Now that Australia is on the same basis as Crown colonies, the Hawaiian Pineapple Company has established a factory at Fiji. The Queensland pineapple industry will, therefore, have to face the active competition of this American concern, which advertises extensively in American magazines circulating freely in Canada. Since our producers cannot advertise to any appreciable extent in magazines circulating in Canada, I see little hope of Queensland pineapples retaining the Canadian market.
The banana industry of Australia is not the small industry that some people would have us believe. Directly engaged in the production of bananas are 8,000 people, with dependants numbering 10,000, and there are 3,000 others engaged in plantation work. Over 1,000,000 fruit cases made of Australian timber are required each year, while ‘the industry pays the railways £200,000 a year. The Queensland Committee of Direction charters six special trains each week to convey the bananas to market, and has had special trucks built for the trade. The area now under cultivation is 19,700 acres, and it will be extended during the year. No other industry employs so much labour in proportion to its production ; and in these days, that is a matter of prime importance. Most of the work is manual. Moreover, bananas are grown on land which otherwise would not be cultivated. The industry is one deserving of every encouragement. It has put up a wonderful fight against disease. “-Bunchy top,” which was introduced from Fiji, caused great losses to the growers. Now, the industry is threatened with “ bunchy middle “ and “ bunchy bottom,” and is in danger of being destroyed. If the Government believes in the White Australia policy, it should not do anything to injure the banana industry, which employs white labour. It has been stated by honorable senators supporting the Government that the small number of cases of bananas which may enter Australia from Fiji under the agreement will” not affect the Queensland industry, but those who are in close touch with the industry know that the importation of bananas from Fiji will cause the price to be lowered, with the result that the growing of bananas will become unproductive to those engaged in the industry in Queensland and New South Wales.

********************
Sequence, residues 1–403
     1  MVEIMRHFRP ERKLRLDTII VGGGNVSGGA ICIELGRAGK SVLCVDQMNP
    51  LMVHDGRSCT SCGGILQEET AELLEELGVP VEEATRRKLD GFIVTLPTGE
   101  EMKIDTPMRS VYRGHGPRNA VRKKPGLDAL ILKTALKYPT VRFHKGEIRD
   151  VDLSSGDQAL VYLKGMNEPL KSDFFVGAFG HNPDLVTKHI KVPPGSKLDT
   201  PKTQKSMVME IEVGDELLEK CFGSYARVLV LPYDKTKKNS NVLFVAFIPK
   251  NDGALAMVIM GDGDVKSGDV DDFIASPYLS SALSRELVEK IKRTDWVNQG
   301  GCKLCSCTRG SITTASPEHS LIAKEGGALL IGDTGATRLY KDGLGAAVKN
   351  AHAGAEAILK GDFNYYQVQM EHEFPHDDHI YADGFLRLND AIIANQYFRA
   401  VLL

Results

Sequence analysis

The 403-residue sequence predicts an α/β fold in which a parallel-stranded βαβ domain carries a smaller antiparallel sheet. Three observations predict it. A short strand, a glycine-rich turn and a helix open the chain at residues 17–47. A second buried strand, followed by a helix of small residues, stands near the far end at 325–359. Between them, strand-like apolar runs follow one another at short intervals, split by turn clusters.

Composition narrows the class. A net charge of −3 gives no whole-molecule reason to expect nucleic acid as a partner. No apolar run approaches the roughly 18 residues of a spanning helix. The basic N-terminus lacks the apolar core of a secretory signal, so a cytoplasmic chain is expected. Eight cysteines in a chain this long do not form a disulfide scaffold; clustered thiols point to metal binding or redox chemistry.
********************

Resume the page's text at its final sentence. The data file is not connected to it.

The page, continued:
Among the primary producers there is a general feeling that if certain manufacturing industries can be got rid of, and our primary ^ industries built up, there will be more employment, and Australia will become more prosperous.
– I said that our agricultural industries must be developed first. I made no mention of destroying any secondary industries.
– The Ottawa agreement favours British manufacturers to the detriment of Australian manufacturers. Mr. Baldwin has told the people of the Old Country that it will mean an increase of trade for British manufacturers. In that case, their gain must be at the expense of manufacturers in this country. And if our manufacturers lose their trade, the workers in Australian factories will lose their jobs.
– The duties are increased only on foreign goods.
– The agreement provides that we shall allow manufacturers in the United Kingdom full opportunities of reasonable competition. Itfurther provides that no new duty shall be imposed, and no existing duty increased, unless on the recommendation of the Tariff Board.
– Those extracts should not be stripped from their context.